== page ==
IDEAS home Printed from https://ideas.repec.org/
MyIDEAS: Login to save this article or follow this journal

Work-Related Migration and Poverty Reduction in Nepal

  • Michael Lokshin
  • Mikhail Bontch-Osmolovski
  • Elena Glinskaya

Using two rounds of nationally representative household survey data in this study, we measure the impact on poverty in Nepal of local and international migration for work. We apply an instrumental variables approach to deal with nonrandom selection of migrants and simulate various scenarios for the different levels of migration comparing observed and counterfactual household expenditure distribution. Our results indicate that one-fifth of the poverty reduction in Nepal occurring between 1995 and 2004 can be attributed to higher levels of work-related migration and remittances sent home. We also show that while the increase in international work-related migration was the leading cause of this poverty reduction, domestic migration also played an important role. Our findings demonstrate that strategies for economic growth and poverty reduction in Nepal should consider aspects of the dynamics of domestic and international migration. Copyright � 2010 Blackwell Publishing Ltd.

If you experience problems downloading a file, check if you have the proper application to view it first. In case of further problems read the IDEAS help page. Note that these files are not on the IDEAS site. Please be patient as the files may be large.

File URL: http://www.blackwell-synergy.com/doi/abs/10.1111/j.1467-9361.2010.00555.x
File Function: link to full text
Download Restriction: Access to full text is restricted to subscribers.

As the access to this document is restricted, you may want to look for a different version under "Related research" (further below) or search for a different version of it.

Article provided by Wiley Blackwell in its journal Review of Development Economics.

Volume (Year): 14 (2010)
Issue (Month): 2 (05)
Pages: 323-332

as
in new window

Handle: RePEc:bla:rdevec:v:14:y:2010:i:2:p:323-332
Contact details of provider: Web page: http://www.blackwellpublishing.com/journal.asp?ref=1363-6669

Order Information: Web: http://www.blackwellpublishing.com/subs.asp?ref=1363-6669

References listed on IDEAS
Please report citation or reference errors to , or , if you are the registered author of the cited work, log in to your RePEc Author Service profile, click on "citations" and make appropriate adjustments.:

as in new window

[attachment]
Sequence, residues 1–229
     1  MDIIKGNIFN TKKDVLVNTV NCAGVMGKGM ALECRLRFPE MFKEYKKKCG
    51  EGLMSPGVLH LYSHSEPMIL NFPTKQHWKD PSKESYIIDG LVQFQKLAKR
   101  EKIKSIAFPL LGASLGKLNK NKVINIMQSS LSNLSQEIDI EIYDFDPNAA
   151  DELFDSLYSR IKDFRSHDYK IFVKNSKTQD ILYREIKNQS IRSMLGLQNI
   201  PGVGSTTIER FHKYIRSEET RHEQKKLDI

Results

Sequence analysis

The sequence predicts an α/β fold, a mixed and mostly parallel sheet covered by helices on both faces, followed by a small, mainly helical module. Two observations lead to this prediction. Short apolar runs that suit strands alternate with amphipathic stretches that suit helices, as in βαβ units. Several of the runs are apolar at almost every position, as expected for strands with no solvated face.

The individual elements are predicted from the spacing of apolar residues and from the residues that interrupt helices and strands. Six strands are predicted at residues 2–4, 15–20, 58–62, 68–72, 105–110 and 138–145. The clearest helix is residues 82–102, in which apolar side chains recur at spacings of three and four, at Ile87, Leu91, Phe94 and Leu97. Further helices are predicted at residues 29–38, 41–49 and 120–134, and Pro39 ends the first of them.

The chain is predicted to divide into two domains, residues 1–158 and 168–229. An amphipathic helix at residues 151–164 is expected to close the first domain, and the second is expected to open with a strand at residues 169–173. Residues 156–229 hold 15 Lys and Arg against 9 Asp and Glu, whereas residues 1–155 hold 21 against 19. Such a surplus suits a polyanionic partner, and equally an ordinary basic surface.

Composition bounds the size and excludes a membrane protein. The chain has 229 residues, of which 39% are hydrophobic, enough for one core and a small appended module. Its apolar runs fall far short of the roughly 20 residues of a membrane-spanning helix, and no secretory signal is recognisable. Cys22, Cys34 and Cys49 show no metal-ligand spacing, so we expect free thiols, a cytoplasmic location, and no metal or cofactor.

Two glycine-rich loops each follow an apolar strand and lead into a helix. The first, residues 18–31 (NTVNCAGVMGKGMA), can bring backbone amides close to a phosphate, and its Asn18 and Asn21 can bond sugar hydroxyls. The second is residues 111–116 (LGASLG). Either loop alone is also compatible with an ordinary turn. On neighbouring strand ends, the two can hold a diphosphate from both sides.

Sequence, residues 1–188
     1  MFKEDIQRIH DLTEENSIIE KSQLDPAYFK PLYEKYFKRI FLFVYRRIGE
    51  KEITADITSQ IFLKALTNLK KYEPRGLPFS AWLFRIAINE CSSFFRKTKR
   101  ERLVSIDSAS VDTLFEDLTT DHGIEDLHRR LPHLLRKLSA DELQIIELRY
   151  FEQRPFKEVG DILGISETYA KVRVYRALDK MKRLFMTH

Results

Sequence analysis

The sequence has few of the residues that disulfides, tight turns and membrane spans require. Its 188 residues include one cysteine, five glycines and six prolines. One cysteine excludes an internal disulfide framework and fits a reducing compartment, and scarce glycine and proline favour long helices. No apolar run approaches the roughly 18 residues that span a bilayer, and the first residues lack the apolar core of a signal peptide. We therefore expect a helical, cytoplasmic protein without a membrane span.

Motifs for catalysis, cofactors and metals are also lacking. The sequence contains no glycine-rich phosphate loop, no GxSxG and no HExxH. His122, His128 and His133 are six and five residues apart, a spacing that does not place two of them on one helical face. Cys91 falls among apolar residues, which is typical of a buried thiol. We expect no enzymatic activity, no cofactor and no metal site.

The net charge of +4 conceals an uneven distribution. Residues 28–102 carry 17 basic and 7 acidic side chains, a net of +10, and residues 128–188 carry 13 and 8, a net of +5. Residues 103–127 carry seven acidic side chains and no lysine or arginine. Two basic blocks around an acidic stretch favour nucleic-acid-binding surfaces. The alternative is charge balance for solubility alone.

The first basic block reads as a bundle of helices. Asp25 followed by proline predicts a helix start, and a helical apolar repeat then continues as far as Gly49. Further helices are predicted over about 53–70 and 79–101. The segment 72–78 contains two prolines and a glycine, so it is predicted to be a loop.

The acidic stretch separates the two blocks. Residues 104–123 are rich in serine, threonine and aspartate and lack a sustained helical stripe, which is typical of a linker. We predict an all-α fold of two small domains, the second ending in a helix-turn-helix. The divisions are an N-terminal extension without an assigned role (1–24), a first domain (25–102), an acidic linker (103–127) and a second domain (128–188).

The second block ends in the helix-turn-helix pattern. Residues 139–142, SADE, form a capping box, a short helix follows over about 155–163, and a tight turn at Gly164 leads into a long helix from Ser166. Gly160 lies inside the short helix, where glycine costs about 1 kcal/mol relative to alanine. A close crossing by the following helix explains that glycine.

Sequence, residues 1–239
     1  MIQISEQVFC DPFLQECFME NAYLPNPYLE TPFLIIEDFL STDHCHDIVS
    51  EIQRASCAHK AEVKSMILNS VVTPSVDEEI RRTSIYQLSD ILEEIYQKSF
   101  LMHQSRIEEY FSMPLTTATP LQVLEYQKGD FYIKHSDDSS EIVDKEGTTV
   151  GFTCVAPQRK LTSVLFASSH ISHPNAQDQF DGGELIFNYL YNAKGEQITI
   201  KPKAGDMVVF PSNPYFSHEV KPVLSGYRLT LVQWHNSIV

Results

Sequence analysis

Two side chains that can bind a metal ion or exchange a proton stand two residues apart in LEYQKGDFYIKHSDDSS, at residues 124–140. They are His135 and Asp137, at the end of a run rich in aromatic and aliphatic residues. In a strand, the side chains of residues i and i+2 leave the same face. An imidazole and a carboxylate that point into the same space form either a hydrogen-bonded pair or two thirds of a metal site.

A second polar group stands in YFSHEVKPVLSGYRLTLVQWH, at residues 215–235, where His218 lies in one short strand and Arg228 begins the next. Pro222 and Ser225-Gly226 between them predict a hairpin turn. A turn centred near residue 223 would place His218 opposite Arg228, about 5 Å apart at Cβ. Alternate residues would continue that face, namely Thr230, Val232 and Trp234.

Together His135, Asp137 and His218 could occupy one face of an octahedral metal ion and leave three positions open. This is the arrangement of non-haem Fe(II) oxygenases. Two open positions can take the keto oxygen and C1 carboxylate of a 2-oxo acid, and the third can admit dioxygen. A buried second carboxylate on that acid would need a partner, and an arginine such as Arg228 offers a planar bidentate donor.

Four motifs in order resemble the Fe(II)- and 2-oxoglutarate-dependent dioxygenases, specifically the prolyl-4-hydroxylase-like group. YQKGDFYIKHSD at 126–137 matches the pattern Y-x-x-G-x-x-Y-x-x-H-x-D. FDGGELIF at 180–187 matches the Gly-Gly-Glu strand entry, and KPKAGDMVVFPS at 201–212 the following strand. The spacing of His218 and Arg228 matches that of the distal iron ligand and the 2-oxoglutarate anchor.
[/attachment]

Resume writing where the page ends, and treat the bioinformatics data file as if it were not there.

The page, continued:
1. Rapoport, Hillel & Docquier, Frédéric, 2005. "The Economics of Migrants’ Remittances," IZA Discussion Papers 1531, Institute for the Study of Labor (IZA).
  2. Hoddinott, John, 1994. "A Model of Migration and Remittances Applied to Western Kenya," Oxford Economic Papers, Oxford University Press, vol. 46(3), pages 459-76, July.
  3. Gustafsson, Bjorn & Makonnen, Negatu, 1993. "Poverty and Remittances in Lesotho," Journal of African Economies, Centre for the Study of African Economies (CSAE), vol. 2(1), pages 49-73, May.
  4. Adams, Richard H, Jr, 1989. "Worker Remittances and Inequality in Rural Egypt," Economic Development and Cultural Change, University of Chicago Press, vol. 38(1), pages 45-71, October.
  5. Bhattacharyya, Bharati, 1985. "The role of family decision in internal migration : The case of India," Journal of Development Economics, Elsevier, vol. 18(1), pages 51-66.
  6. Stark, Oded & Levhari, David, 1982. "On Migration and Risk in LDCs," Economic Development and Cultural Change, University of Chicago Press, vol. 31(1), pages 191-96, October.
  7. Dustmann, Christian & Kirchkamp, Oliver, 2001. "The Optimal Migration Duration and Activity Choice after Re-migration," IZA Discussion Papers 266, Institute for the Study of Labor (IZA).
  8. Abdurrahman Aydemir, 2003. "Are Immigrants Positively or Negatively Selected? The Role of Immigrant Selection Criteria and Self-Selection," Labor and Demography 0306002, EconWPA.
  9. Marcel Fafchamps & Forhad Shilpi, 2003. "The spatial division of labour in Nepal," Journal of Development Studies, Taylor & Francis Journals, vol. 39(6), pages 23-66.
  10. Barham, Bradford & Boucher, Stephen, 1998. "Migration, remittances, and inequality: estimating the net effects of migration on income distribution," Journal of Development Economics, Elsevier, vol. 55(2), pages 307-331, April.
  11. Hildebrandt, Nicole & McKenzie, David, 2005. "The effects of migration on child health in Mexico," Policy Research Working Paper Series 3573, The World Bank.